Already a member? Log in

Sign up with your...

or

Sign Up with your email address

Add Tags

Duplicate Tags

Rename Tags

Share This URL With Others!

Save Link

Sign in

Sign Up with your email address

Sign up

By clicking the button, you agree to the Terms & Conditions.

Forgot Password?

Please enter your username below and press the send button.
A password reset link will be sent to you.

If you are unable to access the email address originally associated with your Delicious account, we recommend creating a new account.

URL: http://datapigtechnologies.com/blog/index.php/using-access-to-combine-multiple-excel-files-method-1/

Using Access to Combine Multiple Excel Files: Method 1 » Bacon Bits:

Ahh, the classic story. Boy gets job. Boy becomes the department data collector. Boy meets 25 Admins who send him a spreadsheet every week. Boy copies and pastes into one workbook. Boy lights himself on fire.

Combining multiple Excel worksheets into one data table is such a common task, I would bet a pound of bacon that most of us have been through that ordeal once or twice.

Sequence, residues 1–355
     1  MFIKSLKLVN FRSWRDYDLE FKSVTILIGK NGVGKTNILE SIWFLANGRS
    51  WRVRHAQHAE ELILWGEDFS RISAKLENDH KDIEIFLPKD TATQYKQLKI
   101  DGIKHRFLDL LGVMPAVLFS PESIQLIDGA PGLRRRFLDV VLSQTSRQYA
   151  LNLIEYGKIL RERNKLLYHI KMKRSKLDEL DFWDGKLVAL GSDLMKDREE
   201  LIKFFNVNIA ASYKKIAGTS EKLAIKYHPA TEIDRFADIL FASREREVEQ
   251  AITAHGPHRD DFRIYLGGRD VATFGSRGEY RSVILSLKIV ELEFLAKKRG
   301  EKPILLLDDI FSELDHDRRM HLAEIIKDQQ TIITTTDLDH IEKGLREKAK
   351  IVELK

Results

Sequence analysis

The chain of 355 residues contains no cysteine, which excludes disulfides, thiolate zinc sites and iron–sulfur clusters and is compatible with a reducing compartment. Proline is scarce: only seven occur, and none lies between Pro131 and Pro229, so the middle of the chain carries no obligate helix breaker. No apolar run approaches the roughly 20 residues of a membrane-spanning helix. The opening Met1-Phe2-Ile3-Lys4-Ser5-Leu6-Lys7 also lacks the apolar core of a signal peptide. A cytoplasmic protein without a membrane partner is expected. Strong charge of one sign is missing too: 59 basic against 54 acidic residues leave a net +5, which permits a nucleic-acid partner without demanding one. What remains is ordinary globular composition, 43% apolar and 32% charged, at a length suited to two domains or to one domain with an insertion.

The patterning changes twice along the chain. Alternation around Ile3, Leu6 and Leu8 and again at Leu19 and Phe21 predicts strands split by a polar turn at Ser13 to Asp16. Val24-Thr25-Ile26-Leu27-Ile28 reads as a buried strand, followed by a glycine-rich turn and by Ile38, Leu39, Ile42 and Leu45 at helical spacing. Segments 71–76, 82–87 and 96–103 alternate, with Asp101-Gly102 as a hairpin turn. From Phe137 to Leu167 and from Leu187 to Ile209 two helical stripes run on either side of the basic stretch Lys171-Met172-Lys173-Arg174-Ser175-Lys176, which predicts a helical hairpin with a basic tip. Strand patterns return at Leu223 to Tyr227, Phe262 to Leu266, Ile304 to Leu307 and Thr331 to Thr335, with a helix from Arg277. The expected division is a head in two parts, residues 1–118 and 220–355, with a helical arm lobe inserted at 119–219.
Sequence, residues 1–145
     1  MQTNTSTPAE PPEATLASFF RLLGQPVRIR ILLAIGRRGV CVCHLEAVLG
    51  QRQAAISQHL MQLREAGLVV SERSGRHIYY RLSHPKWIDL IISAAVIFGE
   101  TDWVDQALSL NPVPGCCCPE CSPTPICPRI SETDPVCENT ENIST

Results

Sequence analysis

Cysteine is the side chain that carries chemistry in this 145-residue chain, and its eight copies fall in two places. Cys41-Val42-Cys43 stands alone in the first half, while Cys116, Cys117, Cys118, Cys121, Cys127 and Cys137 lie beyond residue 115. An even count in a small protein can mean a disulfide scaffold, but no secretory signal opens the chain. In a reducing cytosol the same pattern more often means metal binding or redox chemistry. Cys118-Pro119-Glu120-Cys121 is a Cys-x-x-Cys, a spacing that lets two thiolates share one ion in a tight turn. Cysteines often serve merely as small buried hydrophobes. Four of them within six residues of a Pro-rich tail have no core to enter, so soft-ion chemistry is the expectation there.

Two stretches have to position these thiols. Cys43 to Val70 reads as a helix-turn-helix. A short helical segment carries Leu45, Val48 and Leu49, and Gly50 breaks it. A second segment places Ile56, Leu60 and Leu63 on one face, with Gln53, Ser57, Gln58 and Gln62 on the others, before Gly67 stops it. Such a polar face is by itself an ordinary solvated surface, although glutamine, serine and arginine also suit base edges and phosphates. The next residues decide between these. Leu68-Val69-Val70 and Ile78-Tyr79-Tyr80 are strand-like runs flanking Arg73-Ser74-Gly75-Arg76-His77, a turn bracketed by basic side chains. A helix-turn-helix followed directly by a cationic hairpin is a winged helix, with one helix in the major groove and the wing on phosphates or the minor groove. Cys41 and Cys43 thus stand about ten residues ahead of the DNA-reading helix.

The good news is that you can just scour the internet, and you’ll probably find dozens of techniques for combining multiple Excel files together.

Here’s one simple way you can leverage Access to combine multiple Excel files (without VBA).

Step 1: Create links to your Excel workbooks in Access.

    

You’ll have to repeat this process for each excel workbook you until you have them all linked in your database.

As you can see, the Excel linked tables are easy to spot.

    

Step 2: Start a new query in SQL View

      

Step 3: In SQL View, start typing Select statements for all the linked Excel tables, using the Union operator between each select statement.

    

Step 4: Save and Run the query.

The result will be a single dataset containing the combined data from all the linked files.

As long as the linked Excel files are in the same location, Access will automatically refresh the links for data changes each time you open the database. This means you can run through this setup once, then simply run the union query each time you need to re-combine the your Excel files.

Next week, I’ll cover another method of using Access to combine Excel workbooks.

Update:Rob correctly points out that I negelected to mention a  key rule about the UNION operator. 

The UNION operater will, by default, remove any duplicate rows you may have in your data.

Share It With Others!

Comments

Using Access to Combine Multiple Excel Files: Method 1 » Bacon Bits: